The Heart of Telehealth Performance Improvement – The PDSA


In hopes of sparking renewed commitment to applying improvement science to telehealth, we offer this Telehealth QI and QA Miniseries. Today is the second in the series.

Many people are confused about plan-do-study-act (PDSA) cycles, and I am here to set everyone straight! Dr. Don Berwick has called the PDSA the heart of the Model for Improvement. However, after many years of helping health care organizations build skill around PDSAs, it seems to be a tough nut to crack, despite its being at core of why humans are such a successful species. The more PDSAs and the faster you do PDSAs, the faster your learning and progress with improvement will be. Here are a few pointers.

Hit the PDSA easy button for staff. Many organizations make designing or submitting an idea for a PDSA too difficult. For example, staff shouldn’t
have to fill out a form online or wait for approval from the QI committee that meets once a month.

Find a way to easily track PDSAs. Many organizations will consider running a PDSA and then realize they tested the same change two years ago but can’t remember what happened. Often just keeping a running set of slides with a summary of the PDSAs can help or try a will organized filing system or an Excel spreadsheet. If you have a great idea on how to do this contact us!

Use a standard approach to PDSAs.

  • Before you start, be clear on the objective. What is it that we’re trying to improve or fix?
  • Specify the single change being tested. A common mistake is trying more than one change at a time. If you try more than one change, how will you know which one resulted in improvement to the process?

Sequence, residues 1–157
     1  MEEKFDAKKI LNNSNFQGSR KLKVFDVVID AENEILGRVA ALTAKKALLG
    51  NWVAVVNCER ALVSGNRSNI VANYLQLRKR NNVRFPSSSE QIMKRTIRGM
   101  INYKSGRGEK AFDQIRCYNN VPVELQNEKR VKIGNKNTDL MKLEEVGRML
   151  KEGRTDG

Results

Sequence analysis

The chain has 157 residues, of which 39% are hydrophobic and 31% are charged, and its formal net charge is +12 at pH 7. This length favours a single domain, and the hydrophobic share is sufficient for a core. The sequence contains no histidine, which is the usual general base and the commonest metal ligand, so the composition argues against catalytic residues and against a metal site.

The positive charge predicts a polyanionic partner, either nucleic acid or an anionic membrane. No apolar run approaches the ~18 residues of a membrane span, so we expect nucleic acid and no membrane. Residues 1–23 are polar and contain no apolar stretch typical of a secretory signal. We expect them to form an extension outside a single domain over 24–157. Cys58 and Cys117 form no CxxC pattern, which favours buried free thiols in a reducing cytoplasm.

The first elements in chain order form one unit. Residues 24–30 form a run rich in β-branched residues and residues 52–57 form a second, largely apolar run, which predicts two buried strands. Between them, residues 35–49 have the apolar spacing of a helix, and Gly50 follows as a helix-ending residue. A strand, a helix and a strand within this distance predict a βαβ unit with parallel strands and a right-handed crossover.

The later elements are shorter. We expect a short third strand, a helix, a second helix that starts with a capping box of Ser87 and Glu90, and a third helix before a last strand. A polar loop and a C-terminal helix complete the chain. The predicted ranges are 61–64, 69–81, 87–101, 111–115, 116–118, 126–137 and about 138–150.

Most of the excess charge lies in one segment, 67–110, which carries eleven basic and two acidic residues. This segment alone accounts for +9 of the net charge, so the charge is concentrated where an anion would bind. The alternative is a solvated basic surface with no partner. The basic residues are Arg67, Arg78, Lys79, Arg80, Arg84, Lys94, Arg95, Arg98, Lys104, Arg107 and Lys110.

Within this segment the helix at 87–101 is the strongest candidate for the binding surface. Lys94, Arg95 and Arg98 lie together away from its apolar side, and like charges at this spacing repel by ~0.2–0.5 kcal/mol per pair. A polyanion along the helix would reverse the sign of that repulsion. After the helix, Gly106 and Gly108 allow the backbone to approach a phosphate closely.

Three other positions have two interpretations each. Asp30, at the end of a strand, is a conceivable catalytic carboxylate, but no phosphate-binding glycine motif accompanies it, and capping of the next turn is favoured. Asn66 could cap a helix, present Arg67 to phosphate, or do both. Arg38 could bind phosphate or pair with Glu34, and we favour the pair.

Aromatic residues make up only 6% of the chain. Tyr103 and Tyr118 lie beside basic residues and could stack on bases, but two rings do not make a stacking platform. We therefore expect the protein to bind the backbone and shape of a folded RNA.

• PLAN
    • Include what questions you have as you think about testing this change. If you don’t have any questions, that’s okay. Don’t force it.
    • Make predictions – what do you think will happen?
    • Write out the steps for the plan.
    • Include the communication plan. Not having a communication plan is a common mistake! Who needs to know about the change? Who will be testing the change? Are there changes to the workflow? Who needs to know? Do supervisors/leadership need to be in the loop?
    • Write out the specifics for the collection of data. What and how exactly are we collecting the data? Who will collect it? When will we collect the data (e.g., baseline data from previous month then every day for two weeks)?
  • DO
    • Just carry out the test of change, start collecting data, adjust as needed, begin analyzing the data, etc.
    • Complete analysis of the data and capture what was learned as well as any qualitative data such as lessons learned or feedback from the staff who carried out the change.
  • ACT
    • There are three possible options based on the STUDY part. Adopt the change as is. Adapt the change. Abort the change.

Create a culture of quality by sharing PDSAs broadly and making sure everyone is savvy on the concept, process, and jargon around PDSAs. It can be helpful to have a “Bring a PDSA to Lunch” day where people share and provide peer reviews of completed PDSAs.

And remember…

Resource: PDSA Worksheet

Use the SWTRC Contact Us form to share your telehealth measures and/or experiences with telehealth quality improvement.

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About the Author

As a clinician by training and staunch champion of primary care, Trudy Bearden leverages those passions and expertise, partnering with others to improve health care service delivery at the front lines.